Thursday, May 6, 2010

A Hat Tip and a Heads Up

Stephen Parrish is an author I stumbled across in blogland last year. I know from his blog that he is a fantastic writer and a lot of people already know about him, but just in case you forgot or it slipped by you, his novel, The Tavernier Stones, just published this week. It looks like it is going to be rock solid. (Pun intended. It's about a gemologist. And a treasure hunt.)

He also has absolutely the coolest promotion going for his book. It is also a treasure hunt and the prize is a one carat diamond. Seriously. Get your copy and get cracking.

So hats off to Stephen and heads up to all of you!

Below is the book blurb from his website:

When the well-preserved body of 17th century mapmaker Johannes Cellarius floats to the surface of a bog in northern Germany, and a 57 carat ruby rolls out of his fist, treasure hunters from around the globe race to find the Lost Tavernier Stones of popular European folklore.

According to legend, Jean-Baptiste Tavernier was robbed of a priceless hoard while returning from his final voyage to the Orient in 1689. The hoard reputedly includes some of the world's most notorious missing jewels. Among them the 280 carat Great Mogul Diamond and the 242 carat Great Table Diamond, the largest diamonds ever unearthed whose whereabouts are unknown.

John Graf is an Amish-born cartographer who has never ventured out of Pennsylvania, let alone embarked on an international treasure hunt. David Freeman is a gemologist who has done his share of prospecting, but little of it within the boundaries of the law. Between them they have all the expertise necessary to solve the mystery. They also have enough differences to derail even the best of partnerships. And ahead are more obstacles: fortune seekers equally qualified and every bit as determined.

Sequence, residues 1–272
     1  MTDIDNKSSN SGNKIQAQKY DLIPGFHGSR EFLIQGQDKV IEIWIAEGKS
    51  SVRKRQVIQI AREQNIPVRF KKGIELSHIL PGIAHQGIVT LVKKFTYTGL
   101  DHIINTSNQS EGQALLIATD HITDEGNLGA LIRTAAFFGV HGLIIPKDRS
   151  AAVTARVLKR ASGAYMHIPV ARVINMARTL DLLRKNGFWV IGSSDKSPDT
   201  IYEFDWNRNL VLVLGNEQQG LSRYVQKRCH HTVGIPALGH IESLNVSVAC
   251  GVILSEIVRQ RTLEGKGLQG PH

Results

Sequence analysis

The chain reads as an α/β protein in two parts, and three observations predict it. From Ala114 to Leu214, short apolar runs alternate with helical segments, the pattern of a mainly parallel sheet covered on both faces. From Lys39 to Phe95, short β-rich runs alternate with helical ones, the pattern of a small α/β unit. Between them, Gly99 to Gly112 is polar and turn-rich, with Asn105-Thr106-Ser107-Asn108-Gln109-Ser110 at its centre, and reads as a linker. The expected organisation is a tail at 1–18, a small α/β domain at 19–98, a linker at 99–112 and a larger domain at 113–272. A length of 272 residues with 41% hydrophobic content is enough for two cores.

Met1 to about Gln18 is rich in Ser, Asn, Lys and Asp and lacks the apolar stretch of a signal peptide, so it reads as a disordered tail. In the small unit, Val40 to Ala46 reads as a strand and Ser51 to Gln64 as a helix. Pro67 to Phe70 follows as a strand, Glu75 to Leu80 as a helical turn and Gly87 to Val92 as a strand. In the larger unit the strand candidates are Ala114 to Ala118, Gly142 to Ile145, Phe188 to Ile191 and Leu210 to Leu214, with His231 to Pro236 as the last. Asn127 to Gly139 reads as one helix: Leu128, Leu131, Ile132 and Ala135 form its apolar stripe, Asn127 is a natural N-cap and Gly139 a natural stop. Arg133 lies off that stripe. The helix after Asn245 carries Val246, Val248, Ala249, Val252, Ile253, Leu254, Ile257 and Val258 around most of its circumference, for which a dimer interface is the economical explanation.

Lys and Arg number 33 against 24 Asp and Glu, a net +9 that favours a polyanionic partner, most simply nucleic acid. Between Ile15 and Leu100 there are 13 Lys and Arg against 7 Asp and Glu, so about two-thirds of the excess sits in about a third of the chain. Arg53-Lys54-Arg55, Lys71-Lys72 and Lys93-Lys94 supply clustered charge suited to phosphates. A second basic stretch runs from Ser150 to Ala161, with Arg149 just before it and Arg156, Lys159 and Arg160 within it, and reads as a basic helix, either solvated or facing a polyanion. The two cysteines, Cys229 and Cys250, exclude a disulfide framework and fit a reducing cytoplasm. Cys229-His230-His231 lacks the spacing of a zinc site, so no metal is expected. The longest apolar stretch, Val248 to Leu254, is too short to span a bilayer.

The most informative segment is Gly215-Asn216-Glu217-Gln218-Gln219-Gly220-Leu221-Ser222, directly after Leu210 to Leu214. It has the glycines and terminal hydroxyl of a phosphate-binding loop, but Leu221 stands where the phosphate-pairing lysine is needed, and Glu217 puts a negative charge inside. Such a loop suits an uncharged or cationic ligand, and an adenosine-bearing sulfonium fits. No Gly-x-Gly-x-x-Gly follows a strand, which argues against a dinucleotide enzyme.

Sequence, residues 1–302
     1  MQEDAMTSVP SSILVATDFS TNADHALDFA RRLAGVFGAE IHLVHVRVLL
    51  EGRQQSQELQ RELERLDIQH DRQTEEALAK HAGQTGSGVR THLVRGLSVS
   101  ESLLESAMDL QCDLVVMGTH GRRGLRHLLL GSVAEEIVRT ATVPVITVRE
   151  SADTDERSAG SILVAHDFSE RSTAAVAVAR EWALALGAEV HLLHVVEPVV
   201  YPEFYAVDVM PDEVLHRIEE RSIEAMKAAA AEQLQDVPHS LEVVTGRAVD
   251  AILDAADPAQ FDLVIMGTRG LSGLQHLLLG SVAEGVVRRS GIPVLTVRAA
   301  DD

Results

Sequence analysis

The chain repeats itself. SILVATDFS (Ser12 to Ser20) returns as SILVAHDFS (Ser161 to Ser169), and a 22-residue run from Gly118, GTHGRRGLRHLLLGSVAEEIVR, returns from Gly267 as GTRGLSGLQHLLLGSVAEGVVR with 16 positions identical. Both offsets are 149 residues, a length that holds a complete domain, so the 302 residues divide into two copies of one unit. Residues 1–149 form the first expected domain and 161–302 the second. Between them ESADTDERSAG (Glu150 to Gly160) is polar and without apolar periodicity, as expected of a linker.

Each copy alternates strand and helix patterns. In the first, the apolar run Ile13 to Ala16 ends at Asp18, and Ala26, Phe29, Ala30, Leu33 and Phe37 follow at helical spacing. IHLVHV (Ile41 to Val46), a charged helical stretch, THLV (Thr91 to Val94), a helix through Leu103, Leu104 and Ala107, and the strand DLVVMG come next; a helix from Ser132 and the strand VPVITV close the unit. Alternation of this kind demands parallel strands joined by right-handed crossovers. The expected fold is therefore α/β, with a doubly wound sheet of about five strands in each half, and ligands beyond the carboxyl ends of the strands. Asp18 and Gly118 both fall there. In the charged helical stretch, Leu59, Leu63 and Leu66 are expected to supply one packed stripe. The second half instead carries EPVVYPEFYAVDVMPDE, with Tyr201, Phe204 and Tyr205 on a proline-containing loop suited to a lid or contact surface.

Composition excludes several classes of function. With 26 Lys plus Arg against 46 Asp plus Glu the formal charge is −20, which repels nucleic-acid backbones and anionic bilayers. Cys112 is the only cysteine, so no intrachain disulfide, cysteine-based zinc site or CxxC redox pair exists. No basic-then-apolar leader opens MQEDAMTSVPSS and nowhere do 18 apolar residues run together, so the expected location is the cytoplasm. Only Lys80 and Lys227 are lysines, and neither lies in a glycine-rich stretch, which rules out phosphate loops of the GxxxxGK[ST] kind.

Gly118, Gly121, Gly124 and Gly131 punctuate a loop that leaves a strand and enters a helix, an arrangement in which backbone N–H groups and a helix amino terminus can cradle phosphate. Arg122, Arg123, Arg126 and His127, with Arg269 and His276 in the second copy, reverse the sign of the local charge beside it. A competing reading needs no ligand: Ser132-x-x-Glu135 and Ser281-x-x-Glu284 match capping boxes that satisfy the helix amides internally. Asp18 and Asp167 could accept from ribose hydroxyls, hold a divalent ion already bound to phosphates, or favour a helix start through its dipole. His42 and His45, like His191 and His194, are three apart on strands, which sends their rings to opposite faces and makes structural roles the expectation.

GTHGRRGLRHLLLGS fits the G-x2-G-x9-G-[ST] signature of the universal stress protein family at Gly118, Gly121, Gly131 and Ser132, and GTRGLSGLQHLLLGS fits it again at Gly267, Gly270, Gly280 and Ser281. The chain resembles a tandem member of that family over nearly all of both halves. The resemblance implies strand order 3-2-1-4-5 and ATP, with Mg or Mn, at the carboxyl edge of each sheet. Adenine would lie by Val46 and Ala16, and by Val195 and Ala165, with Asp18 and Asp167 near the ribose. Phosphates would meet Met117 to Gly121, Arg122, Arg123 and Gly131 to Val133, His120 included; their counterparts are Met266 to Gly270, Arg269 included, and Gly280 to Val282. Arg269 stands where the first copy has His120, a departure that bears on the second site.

The race spans two continents. The finish line is in Idar-Oberstein, the gemstone capital of Germany. There, in chambers beneath an old church, where unspeakable events took place in centuries past, winners and losers alike find answers to age-old questions about the Lost Tavernier Stones.


  1. I'm between books now, this sounds like a great read. Good timing!

  2. @ Rick and Heather: I know, right? Plus, Stephen is the kind of guy that it's easy to pull for. Great writer, nice person.

    You know, not the sort who's books are so good that you buy them despite your personal feelings about the asshat who wrote them.

  3. Laurel,

    The Tavernier Stones sounds like a great read. You might also be interested in The French Blue, it is a narrative of the six voyages of the historical Jean Baptiste Tavernier. Who, BTW was not robbed on his sixth voyage but did sell the Great Blue diamond to Louis XIV of France. Louis recut it into The French Blue. The stone was stolen and recut into the Hope Diamond some 110 years later.

  4. @ Richard: Thanks! That sounds like a good read, too!

    One of my favorite fiction tricks is taking a historical reality and tweaking it to tell a different story. I adore alternative history and I'm always impressed with writers who can pull it off. The combination of knowledge and creativity just bowls me over.

    And then there are books like The Devil in the White City which are historical and read like fiction. In the immortal words of Ricky Bobby, it's "mind bottling."